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American Physiological Society (2008, September 22). Older People Who Diet Without Exercising Lose Valuable Muscle Mass. ScienceDaily. Retrieved September 22, 2008, from


  1. Thanks for the info. Some of my younger patients argue why live healthier. You have to die of something. I say it’s for your quality of life. You show this in your post.

  2. This is awesome. I can’t wait to hear what her doctor says.

    What’s sad is that her doctor may even know that those results are possible, but is shy to tell someone such a thing because most people I believe don’t want to hear that from their doctor. As strange as that sounds.

  3. I am SO THANKFUL I found your site. I’m a 61 yr old senior who’s been obese all my life. I was an active child always on my bike or skates but have become more seditary after becoming disabled and from living alone. I’m starting to work out on my TotalGym and I’ve changed my diet drastically. No results yet compared to my neighbors who are 20+ my senior but I know I’ll be seeing some soon following this site. Thank you for your time and your input. Your fitness knowledge is deeply appreciated.

  4. I found your blog on google and it is good to see others focusing on “Baby Boomer” type issues! Thank you so much.

  5. Very inspirational post, and I do hope the doctor indeed puts a little mayo on the bread and eats his words! Very motivational keep up the great work!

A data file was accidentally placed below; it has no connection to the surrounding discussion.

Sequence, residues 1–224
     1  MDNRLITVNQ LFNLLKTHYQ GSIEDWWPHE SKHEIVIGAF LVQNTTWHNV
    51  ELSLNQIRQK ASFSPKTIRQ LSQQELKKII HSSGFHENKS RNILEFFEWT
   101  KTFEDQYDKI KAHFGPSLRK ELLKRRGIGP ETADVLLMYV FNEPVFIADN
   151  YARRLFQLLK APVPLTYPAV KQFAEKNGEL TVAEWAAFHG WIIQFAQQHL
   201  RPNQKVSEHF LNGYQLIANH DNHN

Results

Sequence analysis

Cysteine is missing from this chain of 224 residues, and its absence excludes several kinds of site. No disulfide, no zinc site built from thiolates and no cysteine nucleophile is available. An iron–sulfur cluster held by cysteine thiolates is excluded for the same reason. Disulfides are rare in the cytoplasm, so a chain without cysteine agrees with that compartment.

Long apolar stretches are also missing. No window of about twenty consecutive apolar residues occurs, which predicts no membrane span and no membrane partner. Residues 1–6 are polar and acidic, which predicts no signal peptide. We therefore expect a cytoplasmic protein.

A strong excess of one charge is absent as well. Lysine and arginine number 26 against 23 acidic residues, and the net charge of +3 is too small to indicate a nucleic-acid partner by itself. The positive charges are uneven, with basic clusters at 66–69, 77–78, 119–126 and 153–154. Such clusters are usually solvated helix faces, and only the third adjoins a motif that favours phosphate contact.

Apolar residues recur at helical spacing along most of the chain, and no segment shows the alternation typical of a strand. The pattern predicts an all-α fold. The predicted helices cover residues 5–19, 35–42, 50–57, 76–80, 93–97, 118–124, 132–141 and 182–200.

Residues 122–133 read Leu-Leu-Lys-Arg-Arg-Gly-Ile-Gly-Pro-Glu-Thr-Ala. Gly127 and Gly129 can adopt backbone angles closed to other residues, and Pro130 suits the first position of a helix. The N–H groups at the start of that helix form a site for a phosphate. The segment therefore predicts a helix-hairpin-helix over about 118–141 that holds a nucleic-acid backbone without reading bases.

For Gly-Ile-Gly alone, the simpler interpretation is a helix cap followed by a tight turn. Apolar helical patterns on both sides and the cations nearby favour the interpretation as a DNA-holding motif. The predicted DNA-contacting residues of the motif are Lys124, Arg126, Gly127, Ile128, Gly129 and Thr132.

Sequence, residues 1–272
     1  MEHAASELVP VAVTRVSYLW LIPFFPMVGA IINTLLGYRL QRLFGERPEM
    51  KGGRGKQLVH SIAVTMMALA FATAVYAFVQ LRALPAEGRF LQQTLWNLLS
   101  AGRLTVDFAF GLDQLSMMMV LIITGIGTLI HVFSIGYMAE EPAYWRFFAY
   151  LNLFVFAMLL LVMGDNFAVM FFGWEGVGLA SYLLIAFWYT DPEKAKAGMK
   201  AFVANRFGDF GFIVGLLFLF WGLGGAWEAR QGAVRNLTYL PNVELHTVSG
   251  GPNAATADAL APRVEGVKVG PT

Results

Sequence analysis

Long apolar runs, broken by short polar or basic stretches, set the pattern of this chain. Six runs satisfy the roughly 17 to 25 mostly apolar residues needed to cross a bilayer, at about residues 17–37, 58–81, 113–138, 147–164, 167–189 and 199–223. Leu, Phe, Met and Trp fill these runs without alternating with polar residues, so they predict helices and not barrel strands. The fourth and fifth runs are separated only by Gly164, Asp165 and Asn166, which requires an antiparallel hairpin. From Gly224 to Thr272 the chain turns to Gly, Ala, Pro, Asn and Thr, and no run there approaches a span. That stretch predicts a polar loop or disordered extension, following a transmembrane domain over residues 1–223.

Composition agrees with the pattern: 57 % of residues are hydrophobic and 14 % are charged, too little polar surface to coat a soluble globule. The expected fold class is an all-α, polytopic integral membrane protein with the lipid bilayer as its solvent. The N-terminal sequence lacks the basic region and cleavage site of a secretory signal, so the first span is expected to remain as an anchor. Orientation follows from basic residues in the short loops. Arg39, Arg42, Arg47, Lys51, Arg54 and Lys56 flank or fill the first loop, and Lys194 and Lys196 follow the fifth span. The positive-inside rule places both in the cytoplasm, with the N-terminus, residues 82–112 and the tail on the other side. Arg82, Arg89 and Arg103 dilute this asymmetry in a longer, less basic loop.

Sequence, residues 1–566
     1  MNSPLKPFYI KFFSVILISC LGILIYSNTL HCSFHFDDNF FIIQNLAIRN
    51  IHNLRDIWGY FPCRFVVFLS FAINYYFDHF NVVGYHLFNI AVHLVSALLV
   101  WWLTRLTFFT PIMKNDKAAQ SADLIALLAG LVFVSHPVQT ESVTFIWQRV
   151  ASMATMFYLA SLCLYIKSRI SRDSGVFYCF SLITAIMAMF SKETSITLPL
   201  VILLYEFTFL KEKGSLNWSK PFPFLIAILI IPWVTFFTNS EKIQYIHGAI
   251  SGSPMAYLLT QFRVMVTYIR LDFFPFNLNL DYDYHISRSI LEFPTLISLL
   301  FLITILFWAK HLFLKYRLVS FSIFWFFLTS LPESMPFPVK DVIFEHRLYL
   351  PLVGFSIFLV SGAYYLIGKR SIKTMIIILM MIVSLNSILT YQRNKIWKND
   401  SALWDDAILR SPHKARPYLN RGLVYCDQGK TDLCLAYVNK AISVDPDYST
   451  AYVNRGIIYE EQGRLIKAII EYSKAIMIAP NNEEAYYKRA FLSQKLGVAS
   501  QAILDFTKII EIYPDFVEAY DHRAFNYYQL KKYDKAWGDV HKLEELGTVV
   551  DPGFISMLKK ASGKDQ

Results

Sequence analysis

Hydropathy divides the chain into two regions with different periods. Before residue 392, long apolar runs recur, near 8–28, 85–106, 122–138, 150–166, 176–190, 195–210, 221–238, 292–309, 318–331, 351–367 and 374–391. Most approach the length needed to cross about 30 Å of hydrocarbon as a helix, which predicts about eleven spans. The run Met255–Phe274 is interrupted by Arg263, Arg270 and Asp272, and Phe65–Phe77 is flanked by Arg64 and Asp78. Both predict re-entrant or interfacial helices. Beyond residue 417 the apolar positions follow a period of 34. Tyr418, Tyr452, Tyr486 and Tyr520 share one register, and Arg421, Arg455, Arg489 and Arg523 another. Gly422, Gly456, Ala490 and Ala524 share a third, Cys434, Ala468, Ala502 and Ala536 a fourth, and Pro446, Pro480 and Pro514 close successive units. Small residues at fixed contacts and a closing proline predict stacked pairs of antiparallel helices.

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  7. Nice one! It’s very difficult to see the obsession our world currently has with youth. We equate youth with fitness, but posts like this help expand the definition of fitness and break down the youth-obsessed behavior. My sense is that older people who have a more stable emotional life are actually that much more capable of gaining control of their bodies given their ability to recognize the consequences, good & bad, of their actions. Obviously we will all die someday, but I’d prefer it to be a short progression rather than a decades-long battle.

    I’m sending this article to my folks, who have all but given up on their health at 60 years old. They’re constantly sick, and it’s about time they recognize their power over their health.Thanks!

  8. Life is so beautiful, so I fight for my happiness aggressively, yes I am a senior and I’m proud of myself. Even though, some time ago I am a little lonely, but I have found my other half thanks to [seniorconnecting .com]. I believe you are also enjoy your life, so let’s be happy together!

  9. A senior friend of mine is 62 and is told all the time he looks in his mid-40’s. He still works full time, and encourages healthy balance between mind, body, and diet. He meditates, stays away from fatty foods, and exercises only 20 minutes a day! I am half his age, in decent shape, but he would whip me on the treadmill or in the gym. I totally agree with you Doug, aging younger is the way to go. 🙂